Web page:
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Toibin is a "great and humanizing writer" who describes complex relationships in "supple, beautifully modulated prose" (Washington Post Book World). In The Master, he has written his most ambitious novel, an extraordinarily inventive encounter with a character at the cusp of the modern age, elusive to his own friends and even family, yet astonishingly vivid and moving in these pages.
Audie Award Finalist, Literary Fiction, 2005
IMPAC Dublin Literary Award, 2006
"Perhaps the book’s greatest achievement—one of many—is the gentle understatement it employs to connect James’ personal uncertainties at mid-career to a broader shift in the literary current at the turn of the century. … The story’s greater energy lies in the linkage that Tóibín forges among James’s emotional and physical exile, the subjects of his novels, and certain key episodes in his past." (Boston Globe)
"The subtlety and empathy with which Toibin inhabits James's psyche and captures the fleeting emotional nuances of his world are beyond praise, and even the echoes of the master's style ring true." (Publishers Weekly)
"Even the reader who knows little about Henry James or his work can enjoy this marvelously intelligent and engaging novel, which presents not on a silver platter but in tender, opened hands a beautifully nuanced psychological portrait." (Booklist)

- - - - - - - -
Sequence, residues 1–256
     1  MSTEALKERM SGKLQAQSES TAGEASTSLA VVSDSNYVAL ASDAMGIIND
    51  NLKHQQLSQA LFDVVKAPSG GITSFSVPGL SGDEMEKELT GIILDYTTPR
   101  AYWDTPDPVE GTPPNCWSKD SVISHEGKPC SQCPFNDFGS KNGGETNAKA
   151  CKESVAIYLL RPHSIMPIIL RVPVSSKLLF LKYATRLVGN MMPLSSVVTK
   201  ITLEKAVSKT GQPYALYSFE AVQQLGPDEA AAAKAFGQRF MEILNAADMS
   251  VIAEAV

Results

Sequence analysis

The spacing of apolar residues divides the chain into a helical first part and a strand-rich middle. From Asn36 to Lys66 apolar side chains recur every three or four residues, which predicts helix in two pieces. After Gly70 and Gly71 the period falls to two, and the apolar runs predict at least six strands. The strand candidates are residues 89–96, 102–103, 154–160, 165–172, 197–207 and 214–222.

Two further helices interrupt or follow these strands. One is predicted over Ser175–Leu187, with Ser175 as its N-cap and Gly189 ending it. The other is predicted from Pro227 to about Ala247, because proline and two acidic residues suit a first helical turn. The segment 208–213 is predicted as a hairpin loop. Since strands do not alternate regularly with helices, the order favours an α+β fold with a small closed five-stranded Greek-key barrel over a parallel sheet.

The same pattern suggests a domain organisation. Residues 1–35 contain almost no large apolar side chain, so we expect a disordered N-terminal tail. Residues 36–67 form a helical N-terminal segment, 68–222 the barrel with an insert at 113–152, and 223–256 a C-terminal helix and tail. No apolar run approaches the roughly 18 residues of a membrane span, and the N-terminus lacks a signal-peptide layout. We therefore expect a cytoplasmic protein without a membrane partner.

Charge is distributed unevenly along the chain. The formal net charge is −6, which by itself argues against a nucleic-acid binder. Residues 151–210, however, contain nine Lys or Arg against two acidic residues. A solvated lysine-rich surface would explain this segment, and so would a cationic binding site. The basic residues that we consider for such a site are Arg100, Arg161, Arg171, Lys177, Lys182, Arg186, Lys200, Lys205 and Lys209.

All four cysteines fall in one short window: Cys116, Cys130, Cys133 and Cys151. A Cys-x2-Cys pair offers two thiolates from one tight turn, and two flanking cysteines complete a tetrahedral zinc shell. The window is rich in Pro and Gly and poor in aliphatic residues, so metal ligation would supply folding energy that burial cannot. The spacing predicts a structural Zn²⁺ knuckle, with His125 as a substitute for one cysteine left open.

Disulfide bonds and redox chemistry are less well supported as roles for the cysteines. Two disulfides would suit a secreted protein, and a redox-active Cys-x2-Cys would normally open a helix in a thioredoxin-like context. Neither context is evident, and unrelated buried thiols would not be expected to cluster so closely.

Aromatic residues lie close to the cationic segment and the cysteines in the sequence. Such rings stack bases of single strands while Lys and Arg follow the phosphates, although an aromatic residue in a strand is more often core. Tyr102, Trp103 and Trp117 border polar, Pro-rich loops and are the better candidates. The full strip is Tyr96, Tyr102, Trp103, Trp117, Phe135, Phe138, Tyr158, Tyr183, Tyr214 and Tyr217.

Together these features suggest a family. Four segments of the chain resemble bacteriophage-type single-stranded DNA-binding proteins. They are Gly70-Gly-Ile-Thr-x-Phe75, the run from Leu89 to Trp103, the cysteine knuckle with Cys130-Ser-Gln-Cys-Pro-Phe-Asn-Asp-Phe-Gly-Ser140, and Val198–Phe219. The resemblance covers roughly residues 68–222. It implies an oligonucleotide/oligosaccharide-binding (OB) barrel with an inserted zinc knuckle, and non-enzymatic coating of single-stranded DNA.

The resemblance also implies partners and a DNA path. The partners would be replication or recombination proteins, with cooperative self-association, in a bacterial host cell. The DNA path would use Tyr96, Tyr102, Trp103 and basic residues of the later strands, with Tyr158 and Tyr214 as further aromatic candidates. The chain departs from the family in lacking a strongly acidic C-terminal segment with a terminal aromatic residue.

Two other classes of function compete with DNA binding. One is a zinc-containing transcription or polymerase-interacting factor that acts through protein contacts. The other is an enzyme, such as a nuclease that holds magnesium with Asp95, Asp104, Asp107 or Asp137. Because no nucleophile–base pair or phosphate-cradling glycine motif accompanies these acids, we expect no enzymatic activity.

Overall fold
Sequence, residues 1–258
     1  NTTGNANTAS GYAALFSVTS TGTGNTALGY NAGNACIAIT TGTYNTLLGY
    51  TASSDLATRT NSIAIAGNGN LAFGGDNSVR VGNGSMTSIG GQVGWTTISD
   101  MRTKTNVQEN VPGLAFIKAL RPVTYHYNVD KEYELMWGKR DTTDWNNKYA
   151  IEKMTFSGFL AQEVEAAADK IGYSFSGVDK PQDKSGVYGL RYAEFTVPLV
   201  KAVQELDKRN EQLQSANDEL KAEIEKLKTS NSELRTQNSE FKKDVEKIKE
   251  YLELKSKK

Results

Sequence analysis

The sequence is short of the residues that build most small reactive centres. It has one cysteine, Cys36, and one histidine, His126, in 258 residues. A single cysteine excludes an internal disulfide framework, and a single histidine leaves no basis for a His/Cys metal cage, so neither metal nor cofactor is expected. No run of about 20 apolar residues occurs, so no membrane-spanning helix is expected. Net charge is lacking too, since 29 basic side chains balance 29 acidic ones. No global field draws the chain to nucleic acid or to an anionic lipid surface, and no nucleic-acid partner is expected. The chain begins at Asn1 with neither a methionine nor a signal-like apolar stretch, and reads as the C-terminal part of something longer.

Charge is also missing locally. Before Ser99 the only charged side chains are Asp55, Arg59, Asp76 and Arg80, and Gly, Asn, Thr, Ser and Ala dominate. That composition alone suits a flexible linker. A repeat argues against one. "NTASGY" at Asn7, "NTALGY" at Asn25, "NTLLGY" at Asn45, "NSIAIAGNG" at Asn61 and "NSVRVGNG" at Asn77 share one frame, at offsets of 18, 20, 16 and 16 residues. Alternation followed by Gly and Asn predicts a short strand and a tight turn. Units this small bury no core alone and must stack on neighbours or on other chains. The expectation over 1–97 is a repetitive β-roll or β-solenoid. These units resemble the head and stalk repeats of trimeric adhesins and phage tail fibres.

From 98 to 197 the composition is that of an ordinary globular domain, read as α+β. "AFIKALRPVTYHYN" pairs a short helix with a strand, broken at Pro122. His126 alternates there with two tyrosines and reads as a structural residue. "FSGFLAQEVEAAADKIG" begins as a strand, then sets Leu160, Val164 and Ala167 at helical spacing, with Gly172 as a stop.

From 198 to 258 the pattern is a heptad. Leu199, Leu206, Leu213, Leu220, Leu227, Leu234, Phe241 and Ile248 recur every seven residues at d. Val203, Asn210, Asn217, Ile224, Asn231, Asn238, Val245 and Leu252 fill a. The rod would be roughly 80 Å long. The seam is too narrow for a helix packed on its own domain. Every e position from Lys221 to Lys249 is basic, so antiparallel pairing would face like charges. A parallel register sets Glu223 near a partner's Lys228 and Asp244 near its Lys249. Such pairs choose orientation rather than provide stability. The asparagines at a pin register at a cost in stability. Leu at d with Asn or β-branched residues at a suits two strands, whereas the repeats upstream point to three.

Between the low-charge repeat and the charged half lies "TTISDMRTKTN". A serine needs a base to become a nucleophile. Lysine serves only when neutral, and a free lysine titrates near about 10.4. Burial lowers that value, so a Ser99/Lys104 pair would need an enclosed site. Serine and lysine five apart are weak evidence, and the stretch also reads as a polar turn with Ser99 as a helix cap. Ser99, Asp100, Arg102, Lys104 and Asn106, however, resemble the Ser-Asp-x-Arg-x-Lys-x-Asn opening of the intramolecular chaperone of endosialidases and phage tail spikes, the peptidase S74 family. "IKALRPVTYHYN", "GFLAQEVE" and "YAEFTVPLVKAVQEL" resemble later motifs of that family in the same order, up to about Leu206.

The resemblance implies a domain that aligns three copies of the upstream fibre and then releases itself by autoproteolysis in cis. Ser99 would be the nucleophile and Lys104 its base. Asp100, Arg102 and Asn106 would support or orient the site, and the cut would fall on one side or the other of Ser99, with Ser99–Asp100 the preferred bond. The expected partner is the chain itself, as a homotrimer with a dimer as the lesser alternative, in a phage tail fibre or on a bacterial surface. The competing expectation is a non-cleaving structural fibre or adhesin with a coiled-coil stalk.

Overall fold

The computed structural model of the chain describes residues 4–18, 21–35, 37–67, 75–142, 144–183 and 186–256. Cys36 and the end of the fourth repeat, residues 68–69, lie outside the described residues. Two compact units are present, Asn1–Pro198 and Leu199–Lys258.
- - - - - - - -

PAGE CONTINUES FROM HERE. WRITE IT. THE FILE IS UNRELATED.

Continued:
Customer ReviewsMost Helpful
By Kathy on 05-06-05
I'm not normally a biography reader and didn't know much about Henry James before reading this, so it's hard to say really why I ordered "The Master." But I am so glad I did.
My interest in James arose while listening to "Reading Lolita in Tehran." James was one of the authors the Iranian women studied. I thought, here I am, able to read anything I want, and I don?t know anything about this writer that these people risked arrest to read.
And, what a wonderful book. Toibin is himself "The Master," his manner and style of writing are superb. This is what people really mean when they say someone "has a way with words."
For much of his life, Henry James lived as an American expatriate in England and Italy. The life and times of those countries are as much of James's story as the man himself. Toibin sketches the locales and cultures so vividly that I could see the garden outside the window of the house in the English countryside where James finally settled.
For anyone whose only experience with James was "Portrait of a Lady" in tenth grade, you owe it to yourself to learn something about this American legend.
Narration by Geoffrey Howard is excellent, the perfect voice for this perfect story.
21 of 21 people found this review helpful
By Yennta on 04-05-05
A book about Henry James in sort of the style of Henry James, the same reticence and provocative hinting, the same restrained but intense examination of every word, every thought and mood. I'm a Henry James fan and thought I'd get mad at somebody who presumed to embellish and explain the life of a real person. I usually get annoyed by such hubris. But in this case I just can't. It is so so so good. And the sources of all the stories and books are stated (or implied) so satisfyingly. I adored it, and the reader was perfect for it.
16 of 16 people found this review helpful
Customer ReviewsMost Helpful
By Kakabeak on 02-04-06
Elegant prose: beatifully read
Shortlisted for the Booker Prize in 2004, this book has been deservedly highly acclaimed. The author delicately explores the life of author Henry James, and probes with great subtlety the essentially fragile relationships he formed over the course of his life with both men and women. But what makes this audiobook completely outstanding is its telling. The book's elegantly structured English is rendered with poignant sensitivity by narrator Geoffrey Howard. I will be on the lookout for his readings of other books of merit.